R3 founder Goh Shufen breaks the silence on the Singtel media pitch

Following a reaction piece run where several marketers expressed unhappiness on Singtel’s latest media pitch, which asked for agencies to provide an estimate of how much business they can provide Amobee, R3 founder Goh Shufen has released a statement.

She told Marketing that in any competitive review, both agencies and clients need to make long term commitments that make sense for both parties.  Marketing understands that currently the scope of the appointed media agency is to oversee overall media planning and work closely with Amobee, which will handle digital capabilities in-house.

While Goh could not comment on the pitch, she said in a statement: “We expect agencies that enter into such pitches to take into account the interests and concerns of their various clients. The criteria for assessment include the agencies’ track record and  ability to leverage their technical competencies in digital marketing."

She added that as the evaluation is in progress, R3 and Singtel are unable to comment on the outcome except to say that two agencies are in the final selection round. She added that both Singtel and R3 urges the agencies to clarify directly if they have any concerns.

Marketing understands these agencies are incumbent Havas, and OMD. However, both agencies cannot comment on the issue because of a signed non-disclosure agreement with Singtel.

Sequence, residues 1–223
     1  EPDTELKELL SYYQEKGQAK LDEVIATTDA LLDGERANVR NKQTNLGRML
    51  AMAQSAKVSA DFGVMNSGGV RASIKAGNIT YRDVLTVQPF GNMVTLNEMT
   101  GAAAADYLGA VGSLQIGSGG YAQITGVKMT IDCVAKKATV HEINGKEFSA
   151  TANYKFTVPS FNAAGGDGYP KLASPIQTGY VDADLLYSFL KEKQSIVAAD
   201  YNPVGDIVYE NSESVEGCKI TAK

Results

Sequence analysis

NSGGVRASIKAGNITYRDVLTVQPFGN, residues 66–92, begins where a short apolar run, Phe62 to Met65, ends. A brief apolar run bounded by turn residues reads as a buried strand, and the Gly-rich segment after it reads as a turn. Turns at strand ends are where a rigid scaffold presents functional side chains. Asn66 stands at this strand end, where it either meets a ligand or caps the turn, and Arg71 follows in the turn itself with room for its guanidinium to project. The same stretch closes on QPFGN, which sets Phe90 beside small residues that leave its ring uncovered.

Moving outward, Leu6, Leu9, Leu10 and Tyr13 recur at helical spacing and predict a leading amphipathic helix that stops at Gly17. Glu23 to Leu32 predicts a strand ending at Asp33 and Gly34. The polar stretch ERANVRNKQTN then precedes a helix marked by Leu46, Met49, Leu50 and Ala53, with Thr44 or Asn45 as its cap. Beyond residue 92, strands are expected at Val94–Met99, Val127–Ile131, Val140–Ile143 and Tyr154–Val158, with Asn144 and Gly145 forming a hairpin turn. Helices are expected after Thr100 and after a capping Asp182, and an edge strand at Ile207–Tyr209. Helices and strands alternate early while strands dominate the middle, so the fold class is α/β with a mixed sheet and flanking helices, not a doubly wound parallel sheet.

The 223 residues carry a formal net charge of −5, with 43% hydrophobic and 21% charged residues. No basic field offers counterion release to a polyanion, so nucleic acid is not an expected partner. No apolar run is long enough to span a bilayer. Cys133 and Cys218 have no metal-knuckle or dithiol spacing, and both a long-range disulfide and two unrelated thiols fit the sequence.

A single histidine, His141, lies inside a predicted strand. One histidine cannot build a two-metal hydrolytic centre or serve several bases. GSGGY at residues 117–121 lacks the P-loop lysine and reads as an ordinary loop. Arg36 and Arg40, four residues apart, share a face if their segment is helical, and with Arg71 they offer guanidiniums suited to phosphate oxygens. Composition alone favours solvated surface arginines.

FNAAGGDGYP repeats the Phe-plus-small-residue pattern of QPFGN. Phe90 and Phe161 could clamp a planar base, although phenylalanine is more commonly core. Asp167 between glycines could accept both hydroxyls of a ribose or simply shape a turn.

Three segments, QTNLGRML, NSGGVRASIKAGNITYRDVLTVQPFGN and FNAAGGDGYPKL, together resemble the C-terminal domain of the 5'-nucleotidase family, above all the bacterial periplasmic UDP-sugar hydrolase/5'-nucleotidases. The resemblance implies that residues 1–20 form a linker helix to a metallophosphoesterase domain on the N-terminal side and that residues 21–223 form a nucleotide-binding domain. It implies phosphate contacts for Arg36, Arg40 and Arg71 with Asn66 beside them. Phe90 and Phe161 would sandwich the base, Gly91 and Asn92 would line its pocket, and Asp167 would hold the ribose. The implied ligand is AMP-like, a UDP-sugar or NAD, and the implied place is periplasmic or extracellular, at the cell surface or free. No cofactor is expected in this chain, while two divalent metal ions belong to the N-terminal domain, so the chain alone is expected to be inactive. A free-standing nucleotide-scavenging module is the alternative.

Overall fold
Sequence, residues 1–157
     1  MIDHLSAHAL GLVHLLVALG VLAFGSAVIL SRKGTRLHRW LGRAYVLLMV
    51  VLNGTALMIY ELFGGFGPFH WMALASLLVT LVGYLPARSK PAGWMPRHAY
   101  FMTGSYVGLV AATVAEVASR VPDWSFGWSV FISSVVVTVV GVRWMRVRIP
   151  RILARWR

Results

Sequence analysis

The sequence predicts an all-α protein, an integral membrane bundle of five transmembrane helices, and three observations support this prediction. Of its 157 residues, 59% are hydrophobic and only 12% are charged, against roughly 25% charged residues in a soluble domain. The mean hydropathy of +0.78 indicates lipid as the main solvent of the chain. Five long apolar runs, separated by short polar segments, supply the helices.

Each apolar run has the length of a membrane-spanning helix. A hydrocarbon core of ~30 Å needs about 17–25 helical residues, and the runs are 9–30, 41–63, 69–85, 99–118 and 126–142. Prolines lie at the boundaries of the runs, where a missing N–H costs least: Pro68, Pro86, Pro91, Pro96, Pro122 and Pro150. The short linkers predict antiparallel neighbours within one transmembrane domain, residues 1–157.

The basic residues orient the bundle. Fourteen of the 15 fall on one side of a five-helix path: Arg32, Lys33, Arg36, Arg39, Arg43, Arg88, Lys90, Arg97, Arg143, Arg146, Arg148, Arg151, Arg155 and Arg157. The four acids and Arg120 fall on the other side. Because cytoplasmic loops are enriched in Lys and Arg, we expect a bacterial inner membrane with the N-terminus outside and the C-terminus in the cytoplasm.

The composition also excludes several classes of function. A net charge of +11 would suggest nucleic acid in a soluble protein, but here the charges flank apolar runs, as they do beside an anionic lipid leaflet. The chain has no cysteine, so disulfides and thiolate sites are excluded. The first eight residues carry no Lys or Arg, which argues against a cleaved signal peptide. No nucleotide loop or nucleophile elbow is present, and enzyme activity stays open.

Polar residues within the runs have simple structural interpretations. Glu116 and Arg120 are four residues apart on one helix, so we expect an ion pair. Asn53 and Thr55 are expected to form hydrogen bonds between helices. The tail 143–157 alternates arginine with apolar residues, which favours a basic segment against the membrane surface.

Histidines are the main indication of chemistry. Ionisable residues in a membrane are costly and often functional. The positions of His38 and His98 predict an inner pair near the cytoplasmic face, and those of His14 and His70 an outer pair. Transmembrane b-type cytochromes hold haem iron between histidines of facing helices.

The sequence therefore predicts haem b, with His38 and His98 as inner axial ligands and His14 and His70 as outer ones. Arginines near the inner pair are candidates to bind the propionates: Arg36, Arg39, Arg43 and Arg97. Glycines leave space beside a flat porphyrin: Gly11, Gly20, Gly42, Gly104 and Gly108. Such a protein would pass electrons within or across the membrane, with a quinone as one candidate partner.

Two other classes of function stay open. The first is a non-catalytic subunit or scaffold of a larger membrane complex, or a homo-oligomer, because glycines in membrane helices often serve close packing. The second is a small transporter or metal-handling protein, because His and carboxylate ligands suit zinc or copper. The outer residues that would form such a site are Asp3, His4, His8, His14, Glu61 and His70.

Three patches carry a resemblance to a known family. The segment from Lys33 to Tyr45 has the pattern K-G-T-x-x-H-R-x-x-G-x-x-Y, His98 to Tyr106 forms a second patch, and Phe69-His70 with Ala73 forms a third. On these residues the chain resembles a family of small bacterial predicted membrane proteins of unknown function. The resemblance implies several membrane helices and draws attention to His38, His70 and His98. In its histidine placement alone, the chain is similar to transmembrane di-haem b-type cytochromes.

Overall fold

Ahead of the news of Singtel media pitch breaking, Goh told Marketing during an interview that many clients today are also hiring in-house digital experts to better understand the complexities of programmatic and digital ad buys.  Moreover, she added that it is commonly known that all media agencies leverage their aggregated volume from their pool of clients to trade with media platforms, both digital and traditional at more competitive terms.

At the end of the day, the media scene today is more complex than ever, and as such “this trust needs to be backed by more rigorous accountability process on both sides."

“Clients are promised, and therefore expect, media agencies to act on their best interests. Increasingly, this trust has become less implicit because of the transparency and fraud issues surrounding digital media trading. The world’s top two advertisers P&G and Unilever are very vocal in driving this agenda,” she said.